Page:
The students then audition with two pieces of music from their folder, which they received before the competition. Participants are expected to sing their part from the music with only a starting pitch. They are judged on correct pitch, rhythm, intonation, breathing, diction, etc. If the singers receive a high-enough score from the judges, they will move on to the State competition in Pittsburgh on April 3.

Rehearsals for the concert will be held Friday, March 22 and the concert will Saturday at Clarion High School at 2 p.m. Results from the Saegertown student auditions will be available on Twitter @PantherPressSHS.

Picketing with my father: United Electric lockout strikes home

By Kaitlyn Kozalla, features editor

On Sunday, March 3, I picketed with my family to show support for the plight of United Electric members after a nine day lockout. I was overwhelmed by the community’s encouragement and positivity. Trucks ushered wood for burn barrels so families could stay warm, restaurants supplied food, while the refrigerators and freezers in the united electrical radio and machine workers union hall overflowed. Three days later, United Electric 506 and 618 reached a consensus to end the lockout in Erie’s manufacturing facility.

Union members gathered in front of Wabtec’s corporate headquarters in Wilmerding, Pa. during the lockout.

The union passed a vote on Feb. 26 to initiate a lockout on the facility formerly owned by General Electric (GE) Transportation, which is now owned by Wabtec Corporation. This lockout was passed the day after Wabtec’s purchase of the plant was made official.

As the daughter of a 13-year GE employee, I witnessed first hand the impact of Wabtec’s corporate greed. The day of the purchase, the company released an official statement that included the changes being implemented. Some of these changes included a wage cut of almost forty percent, mandatory overtime and to relegate 20 percent of workers to part-time positions with no benefits.

The introduction of Wabtec’s two-tier wage system was the breaking point for many employees. Former GE employees would retain their wages, while new employees would have their wages slashed. What Wabtec failed to clarify is what would happen to employees who are laid off and later returned – they too would receive a wage cut.  

After walking the picket line for about an hour, I learned of Wabtec’s regulations on strikers. According to the official statement, only ten members (at least five feet apart) could walk the picket. While all this was occurring, Wabtec employees acted as monitors from their warm vehicles.

Union members shouted: “Who are we? UE!” and “What do we want? A fair contract! When do we want it? Now!” Passing motorists honked in shows of support, some possibly being former GE employees

Harborcreek Township resident Chris Merit, a 30-year GE employee, said: “You can’t just bring in people off the street to do what we do.” Wabtec claims to offer competitive wages, but fails to take into account the common adage “skilled labor isn’t cheap and cheap labor isn’t skilled.”

I continued to follow the situation through local media, but saw no change. Another blow was dealt when I learned my family had lost our insurance. Through the bad; however, the union supported workers as much as they could by helping families pay their bills if they couldn’t afford to do so.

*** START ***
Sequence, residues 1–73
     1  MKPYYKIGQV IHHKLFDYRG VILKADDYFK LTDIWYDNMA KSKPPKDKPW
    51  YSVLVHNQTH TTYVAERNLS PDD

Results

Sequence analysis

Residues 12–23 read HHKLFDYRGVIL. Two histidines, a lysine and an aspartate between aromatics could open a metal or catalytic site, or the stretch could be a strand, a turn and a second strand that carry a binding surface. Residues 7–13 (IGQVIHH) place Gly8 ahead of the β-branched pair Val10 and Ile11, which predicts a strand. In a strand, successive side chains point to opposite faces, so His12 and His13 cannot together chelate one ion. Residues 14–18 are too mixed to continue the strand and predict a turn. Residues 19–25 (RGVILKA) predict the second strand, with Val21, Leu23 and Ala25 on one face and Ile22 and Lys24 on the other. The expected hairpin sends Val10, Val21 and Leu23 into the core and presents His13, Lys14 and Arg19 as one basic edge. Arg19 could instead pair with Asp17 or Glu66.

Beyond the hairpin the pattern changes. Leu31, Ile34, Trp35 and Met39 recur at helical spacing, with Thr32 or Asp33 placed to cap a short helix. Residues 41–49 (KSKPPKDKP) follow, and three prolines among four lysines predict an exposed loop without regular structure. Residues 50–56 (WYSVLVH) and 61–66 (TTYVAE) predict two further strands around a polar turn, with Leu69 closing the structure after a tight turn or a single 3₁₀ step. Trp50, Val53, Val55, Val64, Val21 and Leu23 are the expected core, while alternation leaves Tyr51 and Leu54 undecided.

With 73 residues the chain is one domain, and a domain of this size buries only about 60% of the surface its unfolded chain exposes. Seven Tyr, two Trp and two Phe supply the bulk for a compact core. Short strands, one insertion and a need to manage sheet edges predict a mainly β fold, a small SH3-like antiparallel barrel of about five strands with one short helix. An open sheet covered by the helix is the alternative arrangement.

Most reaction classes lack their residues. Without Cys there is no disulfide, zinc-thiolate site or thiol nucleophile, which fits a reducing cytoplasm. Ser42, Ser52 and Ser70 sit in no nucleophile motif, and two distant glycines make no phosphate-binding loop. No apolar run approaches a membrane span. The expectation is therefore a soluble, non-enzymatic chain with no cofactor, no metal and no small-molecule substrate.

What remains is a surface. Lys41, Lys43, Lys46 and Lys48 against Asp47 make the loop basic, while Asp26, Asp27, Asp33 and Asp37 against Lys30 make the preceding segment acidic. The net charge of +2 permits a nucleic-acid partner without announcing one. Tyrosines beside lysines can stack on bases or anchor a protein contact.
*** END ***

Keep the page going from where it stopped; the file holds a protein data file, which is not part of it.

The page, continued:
This issue quickly gained national support. Senator Bernie Sanders wrote a letter to Wabtec asking the company to keep the existing contract until a compromise could be reached. Sanders continued by saying he will provide his “full support and solidarity” until a contract is set.

UE President, Scott Slawson, spoke for Local 506 and 618 at a Bernie Sanders rally in Brooklyn. He urged Wabtec to respect hardworking families and find a fair deal for both sides. News outlets including CNN covered the story, which promoted worldwide support for the UE members. The UE Facebook page UE Members 506 was filled with messages of support from working families from California to Connecticut and as far away as Italy, Japan, Mexico and Canada.

Wabtec and UE reached an agreement containing a 90-day contract that allows more negotiations towards a long-term deal. It is unknown whether an agreement will be reached by the end of the term, but both parties claim they are optimistic. At this time, the plant will not close and wages will be maintained at their present levels.

Never have I thought that my family would ever go through this. It was, and still is uncertain of what will happen next, and if i’m honest, it’s nerve-racking. I know in the end everything will turn out, we will persevere no matter the case.

‘Alcatraz’ and ‘The Liberator’ prepare for Robobots battles

By Jake Reisinger, Web Site Editor

On March 30, Meadville Area Senior High school will host the 2019 RoboBots competition. Two teams of students in the robotics class, advised by George Nahay, are preparing to make sure their bots are ready to enter the battle arena. “We hoped to be finished with our bots sooner,” Mr. Nahay said. “But we should have both bots complete by next week.”

Junior Josh McWright works on making sure “Alcatraz” is ready for battle.